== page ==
We begin with Tarkovsky’s first feature length film, Ivan’s Childhood. It follows a twelve year old Ivan through the torn Soviet landscapes ravaged by war. He is hardened by the ugliness of war and has the demeanor of the saltiest war veteran one could find. He has seen far too much during his short existence and has gained the ability to compartmentalize his emotions in a way that is a sin against youthfulness. His loss of innocence is that of humanity’s and there will be no turning back for us as our sins are too great. As long as humanity exists we will be ravaged by conflict because of our disregard for human life and our willful sacrifice of youthful exuberance that can never be repented.
Tarkovsky’s camera rolls through the war torn landscapes capturing the atrocities of humanity while catching brief glimpses of that which is righteous in this world. The landscape is no place for a twelve year old boy and the frame compositions often attack Ivan from all directions. Tarkovsky shows glimpses of greatness to come as he creates an alienating and other-worldly landscape. These images don’t breathe and pulsate with the same rhythmic vibrations of his later work, but they do possess small doses of that modern mysticism of lands poisoned by the worst of humanity. The interesting dichotomy of these places is that war creates lands inhospitable and alien to human civilization, but war is the ultimate definer of humanity. It takes the crushing of the human spirit to kill any last remnants of innocence that would never allow human beings to create such landscapes, let alone occupy them and obtain a mastery of their ugliness. Only the birch trees know the truths of youthfulness, but they cannot articulate this to irrational human beings and are forced to merely sigh and dig deeper with their roots as they wait out yet another conflict carried out by these confusing creatures.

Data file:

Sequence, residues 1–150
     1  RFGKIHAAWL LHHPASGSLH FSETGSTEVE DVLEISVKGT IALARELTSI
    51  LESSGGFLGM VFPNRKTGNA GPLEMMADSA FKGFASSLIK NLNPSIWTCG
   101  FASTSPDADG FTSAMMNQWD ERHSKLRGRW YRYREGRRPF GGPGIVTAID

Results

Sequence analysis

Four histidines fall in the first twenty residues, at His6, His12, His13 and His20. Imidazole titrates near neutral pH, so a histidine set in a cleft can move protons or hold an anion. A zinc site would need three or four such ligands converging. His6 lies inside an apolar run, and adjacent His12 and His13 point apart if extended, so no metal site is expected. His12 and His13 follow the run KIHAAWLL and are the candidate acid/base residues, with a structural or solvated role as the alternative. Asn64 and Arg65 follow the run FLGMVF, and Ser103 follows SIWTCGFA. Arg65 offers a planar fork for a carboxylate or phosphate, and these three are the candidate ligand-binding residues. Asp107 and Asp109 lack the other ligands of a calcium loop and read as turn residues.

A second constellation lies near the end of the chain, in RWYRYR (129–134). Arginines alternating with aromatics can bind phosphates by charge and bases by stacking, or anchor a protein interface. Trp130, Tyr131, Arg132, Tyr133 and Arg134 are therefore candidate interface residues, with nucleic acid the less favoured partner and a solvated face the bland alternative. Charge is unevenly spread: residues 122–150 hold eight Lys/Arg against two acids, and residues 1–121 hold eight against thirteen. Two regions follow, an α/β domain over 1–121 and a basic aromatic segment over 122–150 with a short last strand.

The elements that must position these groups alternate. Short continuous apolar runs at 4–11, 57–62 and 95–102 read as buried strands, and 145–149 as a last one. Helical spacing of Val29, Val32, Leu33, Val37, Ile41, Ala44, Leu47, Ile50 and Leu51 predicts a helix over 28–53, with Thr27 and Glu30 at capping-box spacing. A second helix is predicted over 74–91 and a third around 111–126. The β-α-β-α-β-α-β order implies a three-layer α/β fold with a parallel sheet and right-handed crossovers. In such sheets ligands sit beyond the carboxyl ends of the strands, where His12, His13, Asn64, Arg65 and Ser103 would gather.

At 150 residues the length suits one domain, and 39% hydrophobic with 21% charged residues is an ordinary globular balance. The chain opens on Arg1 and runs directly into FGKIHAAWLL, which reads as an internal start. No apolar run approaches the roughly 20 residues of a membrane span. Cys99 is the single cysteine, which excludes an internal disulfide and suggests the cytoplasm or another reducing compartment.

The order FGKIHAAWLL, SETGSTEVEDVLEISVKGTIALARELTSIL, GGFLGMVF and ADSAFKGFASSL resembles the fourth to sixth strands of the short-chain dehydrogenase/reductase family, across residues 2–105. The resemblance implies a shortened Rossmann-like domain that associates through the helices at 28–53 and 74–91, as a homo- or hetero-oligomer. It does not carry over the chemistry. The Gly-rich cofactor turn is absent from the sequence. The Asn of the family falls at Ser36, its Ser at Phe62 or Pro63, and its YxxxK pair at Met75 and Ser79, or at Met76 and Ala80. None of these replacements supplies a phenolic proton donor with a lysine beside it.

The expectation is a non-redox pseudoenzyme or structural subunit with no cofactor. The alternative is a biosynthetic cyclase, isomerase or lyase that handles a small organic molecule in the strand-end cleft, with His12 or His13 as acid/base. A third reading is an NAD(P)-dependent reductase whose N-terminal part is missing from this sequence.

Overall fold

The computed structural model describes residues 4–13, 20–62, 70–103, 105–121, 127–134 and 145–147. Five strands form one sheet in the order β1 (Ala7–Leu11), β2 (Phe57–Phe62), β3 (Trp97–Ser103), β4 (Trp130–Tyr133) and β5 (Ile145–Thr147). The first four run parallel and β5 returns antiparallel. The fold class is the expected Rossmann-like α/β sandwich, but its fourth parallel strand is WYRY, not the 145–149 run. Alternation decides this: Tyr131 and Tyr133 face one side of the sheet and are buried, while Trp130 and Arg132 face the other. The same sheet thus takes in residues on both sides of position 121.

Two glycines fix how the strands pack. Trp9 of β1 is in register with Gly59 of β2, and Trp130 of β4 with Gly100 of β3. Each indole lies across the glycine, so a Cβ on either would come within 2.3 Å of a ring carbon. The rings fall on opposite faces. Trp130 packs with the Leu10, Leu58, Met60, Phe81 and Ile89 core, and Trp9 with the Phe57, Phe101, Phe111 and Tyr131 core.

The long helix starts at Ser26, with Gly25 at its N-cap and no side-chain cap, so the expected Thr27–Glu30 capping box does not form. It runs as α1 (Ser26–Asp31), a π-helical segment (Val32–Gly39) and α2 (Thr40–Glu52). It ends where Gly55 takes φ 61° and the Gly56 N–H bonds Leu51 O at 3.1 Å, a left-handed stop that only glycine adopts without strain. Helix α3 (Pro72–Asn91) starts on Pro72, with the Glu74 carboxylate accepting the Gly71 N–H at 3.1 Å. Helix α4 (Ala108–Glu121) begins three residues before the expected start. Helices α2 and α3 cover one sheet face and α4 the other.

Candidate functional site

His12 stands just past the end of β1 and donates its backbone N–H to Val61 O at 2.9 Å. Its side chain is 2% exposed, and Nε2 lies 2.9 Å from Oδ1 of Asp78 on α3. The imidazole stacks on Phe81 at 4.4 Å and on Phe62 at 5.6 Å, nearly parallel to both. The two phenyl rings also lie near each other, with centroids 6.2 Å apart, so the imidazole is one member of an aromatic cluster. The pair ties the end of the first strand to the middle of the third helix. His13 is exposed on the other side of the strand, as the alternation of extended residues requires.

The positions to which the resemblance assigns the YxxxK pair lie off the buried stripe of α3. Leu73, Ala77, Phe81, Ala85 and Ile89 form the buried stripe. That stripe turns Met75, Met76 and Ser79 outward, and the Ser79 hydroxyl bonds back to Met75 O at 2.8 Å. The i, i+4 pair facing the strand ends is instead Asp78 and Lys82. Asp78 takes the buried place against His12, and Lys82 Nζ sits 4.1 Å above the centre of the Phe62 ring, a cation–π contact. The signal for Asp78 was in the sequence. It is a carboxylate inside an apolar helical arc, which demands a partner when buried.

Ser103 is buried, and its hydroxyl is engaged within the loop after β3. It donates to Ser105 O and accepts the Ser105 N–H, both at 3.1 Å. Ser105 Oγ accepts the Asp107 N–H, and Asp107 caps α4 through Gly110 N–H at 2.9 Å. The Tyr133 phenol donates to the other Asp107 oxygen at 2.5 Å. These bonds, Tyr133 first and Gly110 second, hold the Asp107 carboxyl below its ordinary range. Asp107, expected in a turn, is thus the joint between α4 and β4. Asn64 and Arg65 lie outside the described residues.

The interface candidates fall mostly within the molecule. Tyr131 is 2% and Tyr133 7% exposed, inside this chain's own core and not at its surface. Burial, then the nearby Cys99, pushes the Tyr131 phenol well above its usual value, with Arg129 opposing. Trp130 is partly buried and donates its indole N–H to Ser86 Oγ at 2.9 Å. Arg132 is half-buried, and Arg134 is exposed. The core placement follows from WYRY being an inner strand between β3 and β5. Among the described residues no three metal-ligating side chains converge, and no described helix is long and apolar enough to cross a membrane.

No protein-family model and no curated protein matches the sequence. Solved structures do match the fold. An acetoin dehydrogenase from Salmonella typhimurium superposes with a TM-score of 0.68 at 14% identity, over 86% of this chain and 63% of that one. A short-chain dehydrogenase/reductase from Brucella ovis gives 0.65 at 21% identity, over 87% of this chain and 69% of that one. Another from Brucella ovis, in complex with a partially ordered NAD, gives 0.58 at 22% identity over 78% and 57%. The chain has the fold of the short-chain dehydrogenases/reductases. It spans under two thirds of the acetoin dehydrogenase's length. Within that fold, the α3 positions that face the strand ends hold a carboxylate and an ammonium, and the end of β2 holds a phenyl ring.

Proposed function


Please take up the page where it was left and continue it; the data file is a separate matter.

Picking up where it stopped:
It is only in dreams that we can reclaim brief moments of innocence that betray our hardened outward façade. In dreams we can forgive the sins of mankind, properly grieve that which has been taken away all too abruptly, and reclaim our childlike innocence if only for a moment. There is no turning back for us now, the sins are too great and the damage can never be repaired. We were given the Earth but we were instilled with a fatal flaw residing just below our innocence. Once that flaw has been exposed to the world there will be no turning back as it bursts through the fragile shell of innocence forever shattering it in to uncountable fragments.
[notification type=”star”]88/100 - As long as humanity exists we will be ravaged by conflict because of our disregard for human life and our willful sacrifice of youthful exuberance that can never be repented. [/notification]